I've had about sixteen ideas for blog posts in the past three or four days. I can't remember a single one of them. Obviously they weren't very interesting after all.
So I think I'll write about the reasons I don't have a digital camera.
First of all, I am occasionally a tightwad, and when I have 3 perfectly good (okay, 2 perfectly good and 1 that died, mysteriously ressurected itself, and cannot be trusted not to die again) cameras already, why would I buy another one? Yes, it might be cool to upload pictures onto my computer and send them to family and friends instantly. But I don't have kids yet, so I'd be sending them pictures of what? Cowboy and myself cooking supper? Woooo, that's exciting.
Second, I like not knowing instantly if a picture I took will turn out or not. There's that tinge of mystery, the suspense of wondering if I've gotten a brilliant shot of that old ramshackle barn. The anticipation when I drop the film off at my one-hour photo developer, and have to wait to pick them up. Or, back when I was actually the one working in the photo lab, the joy of feeding little cartridges of rolled-up secrets into the developer and having them come out as long curly strips of memories, then sliding them into the printer and watching them turn into tangible images.
Also, taking pictures with a digital camera takes away some of the magic, some of the art and spontenaity. How often haven't people I know taken a picture with their digital camera, looked at it, then said, "Uh-oh, we need to reshoot that, so-and-so blinked." And they end up taking nineteen more shots, by which point most non-camera-lovers want to strangle them. With real film, you take two shots, and pray one of them turns out.
Third, I love the noises my 35mm cameras make. It's like my attachment to my old computer keyboard. I have this ancient keyboard that came with my parents' first computer, a 386 or something. It makes lots of noise. When I type, it clicks, kind of like a typewriter actually (I remind myself of "that nut that's in love with his typewriter" from You've Got Mail sometimes). This keyboard doesn't make the swanky swooshy noises of modern keyboards...it clacks and clicks and taps. If I type fast enough, it almost sounds like percussive music. It's so old I had to get an adapter to hook it up to my newer computers, but I refuse to replace it until it dies. Anyway...back to cameras....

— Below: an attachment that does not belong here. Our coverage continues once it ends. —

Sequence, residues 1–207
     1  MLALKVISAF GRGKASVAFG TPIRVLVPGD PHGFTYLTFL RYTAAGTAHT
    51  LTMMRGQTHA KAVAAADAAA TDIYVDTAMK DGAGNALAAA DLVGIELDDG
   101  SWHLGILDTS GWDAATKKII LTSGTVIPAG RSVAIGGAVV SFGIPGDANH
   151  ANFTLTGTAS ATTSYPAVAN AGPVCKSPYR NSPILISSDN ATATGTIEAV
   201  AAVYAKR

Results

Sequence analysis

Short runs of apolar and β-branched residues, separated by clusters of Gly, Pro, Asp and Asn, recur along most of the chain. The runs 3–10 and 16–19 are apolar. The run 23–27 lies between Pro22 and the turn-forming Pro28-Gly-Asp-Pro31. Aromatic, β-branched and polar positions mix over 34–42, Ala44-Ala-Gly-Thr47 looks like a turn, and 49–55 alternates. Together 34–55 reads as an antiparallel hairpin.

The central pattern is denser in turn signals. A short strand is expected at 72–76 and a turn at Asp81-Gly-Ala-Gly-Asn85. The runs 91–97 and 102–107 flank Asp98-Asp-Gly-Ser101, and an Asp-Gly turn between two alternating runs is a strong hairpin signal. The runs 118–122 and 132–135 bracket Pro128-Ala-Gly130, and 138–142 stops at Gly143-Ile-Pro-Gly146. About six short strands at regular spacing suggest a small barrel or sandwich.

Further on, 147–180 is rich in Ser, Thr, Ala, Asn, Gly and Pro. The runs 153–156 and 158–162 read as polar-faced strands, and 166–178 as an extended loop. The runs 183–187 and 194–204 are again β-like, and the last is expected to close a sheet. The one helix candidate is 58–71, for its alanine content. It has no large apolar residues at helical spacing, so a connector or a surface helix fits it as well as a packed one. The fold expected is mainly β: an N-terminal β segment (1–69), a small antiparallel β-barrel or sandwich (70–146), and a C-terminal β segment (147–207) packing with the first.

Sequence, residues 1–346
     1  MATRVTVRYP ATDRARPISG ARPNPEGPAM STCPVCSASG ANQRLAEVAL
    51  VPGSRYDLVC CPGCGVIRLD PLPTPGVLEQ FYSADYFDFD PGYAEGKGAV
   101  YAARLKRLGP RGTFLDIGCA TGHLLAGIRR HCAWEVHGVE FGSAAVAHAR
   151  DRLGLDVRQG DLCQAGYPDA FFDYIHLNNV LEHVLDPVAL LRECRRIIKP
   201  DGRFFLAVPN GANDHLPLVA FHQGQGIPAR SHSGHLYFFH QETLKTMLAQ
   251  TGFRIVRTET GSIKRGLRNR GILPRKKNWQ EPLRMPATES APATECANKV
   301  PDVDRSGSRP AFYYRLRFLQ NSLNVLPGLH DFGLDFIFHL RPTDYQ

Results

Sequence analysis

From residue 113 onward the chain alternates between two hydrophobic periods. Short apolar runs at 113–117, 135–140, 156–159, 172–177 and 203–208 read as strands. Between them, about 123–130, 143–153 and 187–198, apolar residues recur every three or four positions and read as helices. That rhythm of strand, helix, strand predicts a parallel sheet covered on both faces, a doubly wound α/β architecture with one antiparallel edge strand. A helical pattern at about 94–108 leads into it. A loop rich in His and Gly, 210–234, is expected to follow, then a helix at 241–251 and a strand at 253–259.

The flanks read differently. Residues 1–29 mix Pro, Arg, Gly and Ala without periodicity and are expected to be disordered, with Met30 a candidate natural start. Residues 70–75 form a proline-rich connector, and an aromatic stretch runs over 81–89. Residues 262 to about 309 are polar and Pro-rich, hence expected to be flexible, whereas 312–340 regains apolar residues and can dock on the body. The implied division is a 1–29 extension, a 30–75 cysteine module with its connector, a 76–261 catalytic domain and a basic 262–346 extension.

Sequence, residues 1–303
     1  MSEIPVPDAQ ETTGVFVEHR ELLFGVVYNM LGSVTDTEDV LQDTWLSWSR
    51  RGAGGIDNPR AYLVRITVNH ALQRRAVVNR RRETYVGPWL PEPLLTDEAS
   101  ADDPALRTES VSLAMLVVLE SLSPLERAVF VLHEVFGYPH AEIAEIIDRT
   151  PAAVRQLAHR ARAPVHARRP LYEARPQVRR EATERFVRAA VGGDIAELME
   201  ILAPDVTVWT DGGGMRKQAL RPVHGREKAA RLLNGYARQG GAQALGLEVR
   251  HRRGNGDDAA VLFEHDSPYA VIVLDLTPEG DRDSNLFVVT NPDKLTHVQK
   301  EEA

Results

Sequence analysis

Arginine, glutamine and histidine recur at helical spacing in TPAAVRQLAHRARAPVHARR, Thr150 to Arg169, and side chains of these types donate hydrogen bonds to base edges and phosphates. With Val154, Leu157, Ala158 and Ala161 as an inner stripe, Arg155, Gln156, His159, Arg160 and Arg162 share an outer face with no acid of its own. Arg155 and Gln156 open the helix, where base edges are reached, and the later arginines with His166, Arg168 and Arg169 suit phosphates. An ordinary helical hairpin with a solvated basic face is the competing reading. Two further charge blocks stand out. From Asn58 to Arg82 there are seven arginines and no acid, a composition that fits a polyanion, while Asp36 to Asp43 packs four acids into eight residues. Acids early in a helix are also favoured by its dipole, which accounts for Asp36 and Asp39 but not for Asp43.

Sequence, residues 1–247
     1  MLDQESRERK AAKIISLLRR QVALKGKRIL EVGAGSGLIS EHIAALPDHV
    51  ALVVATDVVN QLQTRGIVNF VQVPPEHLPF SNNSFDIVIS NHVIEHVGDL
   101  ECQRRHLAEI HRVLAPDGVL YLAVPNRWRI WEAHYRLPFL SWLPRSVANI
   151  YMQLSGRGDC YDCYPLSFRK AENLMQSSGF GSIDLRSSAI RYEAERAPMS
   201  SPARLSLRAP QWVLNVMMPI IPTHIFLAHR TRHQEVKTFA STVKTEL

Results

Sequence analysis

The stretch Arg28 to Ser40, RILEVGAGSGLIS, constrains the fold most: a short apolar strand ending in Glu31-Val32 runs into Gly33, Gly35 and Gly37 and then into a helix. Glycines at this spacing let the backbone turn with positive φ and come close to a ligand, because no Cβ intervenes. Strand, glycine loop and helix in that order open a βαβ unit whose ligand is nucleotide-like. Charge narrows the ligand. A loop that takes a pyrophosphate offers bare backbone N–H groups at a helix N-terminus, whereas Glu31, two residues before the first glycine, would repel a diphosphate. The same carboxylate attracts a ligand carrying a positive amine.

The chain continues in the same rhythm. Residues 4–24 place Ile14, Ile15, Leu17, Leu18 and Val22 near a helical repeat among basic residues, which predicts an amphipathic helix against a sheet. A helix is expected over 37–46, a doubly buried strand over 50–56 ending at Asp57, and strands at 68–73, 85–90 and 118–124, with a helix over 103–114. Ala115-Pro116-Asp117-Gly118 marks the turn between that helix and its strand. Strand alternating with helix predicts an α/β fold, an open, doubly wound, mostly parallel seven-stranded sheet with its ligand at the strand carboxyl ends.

My Kodak PaS (Point and Shoot) makes a particular winding noise that is like an old friend clearing their throat when they just wake up in the morning. I've had that camera since I was about 11--it's just a cheap thing my parents got me for Christmas, to replace an earlier even-more-elcheapo camera that went kaput (sometime I'll tell you about the related Sault Ste. Marie Camera Tragedy). I've dropped it, sat on it, taken it to Ukraine where it got fogged upon...I don't even remember how it got the scar on its lens cover. But this little junky Kodak PaS takes lovely photos with really devine colors. And I can load it with my eyes closed. And it makes that winding noise.
Gabriel, my first SLR (Single Lens Reflex), is the one that died back when I first started this blog. Then when we moved here, he magically came back to life. He makes cool noises too, especially when he focuses for me--it's a zeeeeeet zeeeeeeeet sound, and then he chirps when he's satisfied with the focus. When the shutter closes, it makes a satisfying chuh-chuh-chkkkkk.
But the coolest-sounding camera I have is Marlowe, my Chinon SLR I picked up at a pawn shop when I thought Gabriel was no more. He's fully manual, which means I have to do all the focusing myself, and also that its easier to control his aperture and shutter speed, at least for me. He makes that fantastic loud chk-CHK noise that I always associate with "real" photographers. Also, he smells like old mechanical things.
Digital cameras are too sleek for me, too stylized. They're an accessory, not a tool. It's like stilletto heels versus sneakers. The mystery and enchantment of wondering what that shot you just took will really look like--that's gone. And it's too simple to manipulate digital photos. Sure, you can center things, crop out unwanted intruders, fix red demon eyes...and what else? Fix your hair? Shed a few photo pounds? Whiten your smile? The possibility to lose truth is just too great for me.
This is not meant as a slam on any of my friends or family members who own digital cameras. I love the pictures I get of my neice and nephew, of my friends's kids, etc. This is just an explanation of why I do not personally at this time own a digital camera. Who knows? I may get one in the future. I've been known to change my mind, after all...